There is only so much you can tell from bones, which leaves lots of room for people to make stuff up. Stable isotope analysis seems quite promising, as they can potentially tell you the source of protein in the diet, but they can only tell that and nothing else, and the isotopes are subject to interpretation. For example, Lierre Keith in her error-ridden Vegetarian Myth claims that stable isotope analysis showed Australopithecus africanus ate meat, but in reality the data only said that the protein was from carbon-13 enriched foods, which could include grasses and sedges as well. Later investigations revealed that the carbon-13 probably was more likely from grasses and sedges, but the data is up for interpretation. Before you tear up your lawn to make dinner, it might be worth remembering that Australopithecus africanus is only thought to be a possible human ancestor and was quite a bit different from a modern human.
That said, stable isotope analysis puts to bed the idea that early Homo sapiens were getting their protein from the Paleolithic equivalent of tofu or the idea that Neanderthals definitely only ate meat (turns out that some ate fish too...maybe).
"Maybe", "later investigations revealed", "thought to be"- these are things that should give you pause whenever you encounter stable isotopes being used to argue about ancient diets. Have I confused you? Good, now you are less vulnerable to the abuse of bones in the name of various causes one way or another.
It can be used to estimate the trophic level and origin of the protein, but it cannot tell you whether the person ate a teeny tiny auroch steak and then 17 potatoes or whether they only ate mammoth. It cannot tell you the percentage of protein in the diet. It cannot tell you how much protein in grams. That information was lost when the person died.
Then there is the use (and mainly misuse) of animal bones and modern data from wild game species to argue various things about ancient diets. I read this latest paper, Man The Fat Hunter, with absolute glee because it uses many of the same questionable methods and comes to an opposite conclusion of many past papers, which overemphasize protein. The questionable method is taking bones of animals possibly consumed by ancient humans and plugging them into an equation with the modern wild game data and then saying this or that about the amount of fat or protein in an ancient diet. In this paper we have elephants featured, which is great, since elephants are very fatty, but unfortunately their presence or absence in bone assemblages is not a food diary. There is no way to know how often elephants were eaten, so there is no way to make an even sort-of accurate conclusion about %elephant and therefore %elephant fat in the diet. Whether or not the hominids in question were able to cook is also a point of contention.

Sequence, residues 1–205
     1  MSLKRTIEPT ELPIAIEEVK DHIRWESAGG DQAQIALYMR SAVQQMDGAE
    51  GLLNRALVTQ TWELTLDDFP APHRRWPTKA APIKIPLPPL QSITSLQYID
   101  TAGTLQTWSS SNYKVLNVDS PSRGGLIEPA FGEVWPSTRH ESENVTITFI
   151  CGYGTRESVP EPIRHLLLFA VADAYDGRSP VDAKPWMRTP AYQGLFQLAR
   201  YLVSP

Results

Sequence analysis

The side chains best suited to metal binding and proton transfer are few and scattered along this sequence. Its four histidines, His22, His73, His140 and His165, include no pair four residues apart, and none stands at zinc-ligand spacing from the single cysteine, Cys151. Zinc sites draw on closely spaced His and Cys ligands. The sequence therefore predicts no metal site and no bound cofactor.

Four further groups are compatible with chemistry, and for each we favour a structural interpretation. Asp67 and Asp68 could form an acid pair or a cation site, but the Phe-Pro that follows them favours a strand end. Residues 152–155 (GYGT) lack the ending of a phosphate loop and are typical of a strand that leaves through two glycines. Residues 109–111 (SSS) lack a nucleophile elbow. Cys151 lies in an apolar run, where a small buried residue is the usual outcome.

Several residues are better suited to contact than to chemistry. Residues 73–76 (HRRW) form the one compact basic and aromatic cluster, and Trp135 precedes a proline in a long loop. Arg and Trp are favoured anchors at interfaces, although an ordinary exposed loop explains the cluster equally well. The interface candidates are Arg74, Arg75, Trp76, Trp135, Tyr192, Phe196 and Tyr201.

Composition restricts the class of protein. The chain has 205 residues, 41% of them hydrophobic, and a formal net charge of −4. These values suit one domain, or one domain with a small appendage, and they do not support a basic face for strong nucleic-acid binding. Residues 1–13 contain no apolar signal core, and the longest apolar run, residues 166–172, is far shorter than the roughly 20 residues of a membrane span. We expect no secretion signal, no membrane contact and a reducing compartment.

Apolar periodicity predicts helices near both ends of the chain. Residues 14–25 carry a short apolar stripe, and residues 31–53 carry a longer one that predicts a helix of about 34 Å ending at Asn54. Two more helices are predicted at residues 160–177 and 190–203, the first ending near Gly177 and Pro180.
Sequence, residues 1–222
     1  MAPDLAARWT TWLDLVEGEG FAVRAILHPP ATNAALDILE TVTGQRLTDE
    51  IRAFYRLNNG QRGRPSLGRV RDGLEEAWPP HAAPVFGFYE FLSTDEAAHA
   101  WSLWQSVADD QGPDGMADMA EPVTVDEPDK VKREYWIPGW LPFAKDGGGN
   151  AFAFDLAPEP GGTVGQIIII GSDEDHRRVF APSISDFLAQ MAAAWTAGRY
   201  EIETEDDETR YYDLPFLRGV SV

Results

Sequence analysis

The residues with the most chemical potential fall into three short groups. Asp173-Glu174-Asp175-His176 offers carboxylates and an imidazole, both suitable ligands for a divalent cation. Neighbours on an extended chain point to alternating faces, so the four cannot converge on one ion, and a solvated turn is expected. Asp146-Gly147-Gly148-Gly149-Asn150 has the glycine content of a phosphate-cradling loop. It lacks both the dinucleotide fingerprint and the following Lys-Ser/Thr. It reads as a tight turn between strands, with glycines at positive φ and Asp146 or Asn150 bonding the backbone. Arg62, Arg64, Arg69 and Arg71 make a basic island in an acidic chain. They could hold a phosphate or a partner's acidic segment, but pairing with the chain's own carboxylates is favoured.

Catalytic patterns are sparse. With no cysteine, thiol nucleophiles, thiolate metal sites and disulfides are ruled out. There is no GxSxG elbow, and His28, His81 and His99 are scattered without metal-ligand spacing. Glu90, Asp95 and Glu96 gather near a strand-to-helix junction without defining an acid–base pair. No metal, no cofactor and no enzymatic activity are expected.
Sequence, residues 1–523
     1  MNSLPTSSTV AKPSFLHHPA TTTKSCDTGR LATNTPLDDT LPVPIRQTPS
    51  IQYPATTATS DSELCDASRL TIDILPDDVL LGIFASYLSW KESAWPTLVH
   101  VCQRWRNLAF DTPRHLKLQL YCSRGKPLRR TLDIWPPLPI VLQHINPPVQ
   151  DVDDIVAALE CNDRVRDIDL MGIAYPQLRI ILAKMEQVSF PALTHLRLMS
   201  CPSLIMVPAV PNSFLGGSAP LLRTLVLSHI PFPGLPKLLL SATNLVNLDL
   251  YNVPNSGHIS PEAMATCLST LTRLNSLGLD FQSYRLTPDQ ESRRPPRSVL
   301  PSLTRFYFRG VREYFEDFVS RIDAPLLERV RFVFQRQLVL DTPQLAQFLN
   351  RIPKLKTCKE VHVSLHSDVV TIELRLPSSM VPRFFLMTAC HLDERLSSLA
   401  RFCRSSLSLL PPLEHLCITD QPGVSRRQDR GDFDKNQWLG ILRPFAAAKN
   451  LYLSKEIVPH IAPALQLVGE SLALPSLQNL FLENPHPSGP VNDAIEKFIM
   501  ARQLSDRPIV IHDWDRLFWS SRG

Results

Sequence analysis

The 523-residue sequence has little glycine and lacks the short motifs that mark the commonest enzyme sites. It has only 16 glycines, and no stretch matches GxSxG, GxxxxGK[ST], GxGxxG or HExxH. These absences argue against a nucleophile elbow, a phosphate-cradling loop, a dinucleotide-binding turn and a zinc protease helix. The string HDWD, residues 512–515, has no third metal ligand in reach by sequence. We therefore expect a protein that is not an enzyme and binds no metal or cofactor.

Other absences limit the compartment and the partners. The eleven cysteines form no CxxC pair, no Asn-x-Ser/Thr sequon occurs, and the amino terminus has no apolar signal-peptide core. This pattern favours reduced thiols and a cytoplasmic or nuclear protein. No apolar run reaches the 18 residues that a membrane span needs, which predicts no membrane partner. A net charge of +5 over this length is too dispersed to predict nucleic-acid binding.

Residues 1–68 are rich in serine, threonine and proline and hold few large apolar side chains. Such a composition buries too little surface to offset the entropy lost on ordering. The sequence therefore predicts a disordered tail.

One good thing about the paper is that it does try to address one issue, which is ceilings. In this case, the paper mentions possible ceilings for protein consumption and fiber consumption that could be used to build diet-estimating equations. Unfortunately, there are quite hard to determine, as they are affected by human genetic variation, culture, and environment. For example, there is possible a ceiling on the consumption of raw plant materials based on gut morphology (though if you have only skeletons you can only speculate on this) and toxins, but that ceiling can be raised with access to cooking and processing. To complicate matters further, their food sources may have been things you haven't even thought about eating. You can try to figure it out based on local paleobotany and starch microfossils, which can be hard to read. Once you've established that a microfossil on an ancient tooth is possibly Bromus secalinu, you might be able to figure out a little about how it was processed based on microfossil shape and local conditions and if you have a rich lab you might be able to collect it and do a full nutritional analysis, but you still have no idea how much of the diet it made up.
And what is the protein ceiling? It depends on the rest of the diet, an individual's health, and possibly genetics. Modern genetics adds some depths to the picture. For example, the fact that genetic adaptations for a starch-based diet seem to be part of fairly recent selective sweeps may give us a clue that Paleolithic human ancestors probably weren't eating mainly starch, but statistical genetics is in its infancy.
But genetic variation can add more confusion if we are talking about what to eat now. Many "paleo" dieters have learned the hard way that they carry alleles for hemochromatosis, which means they can over-accumulate iron, which has some pretty nasty effects. It would be interesting to know where this came from, as it clearly would be a liability if an ancient human ate meat-based diet, but ultimately whether or not Paleolithic hominids carried such alleles in high frequency is irrelevant to the millions of men (and some women) who are at risk. This represents a ceiling for them, though it can be modified through modern medical treatment.
Normal is of limited use if you are on the end of the bell curve- this is where personalized medicine and self-experimentation is important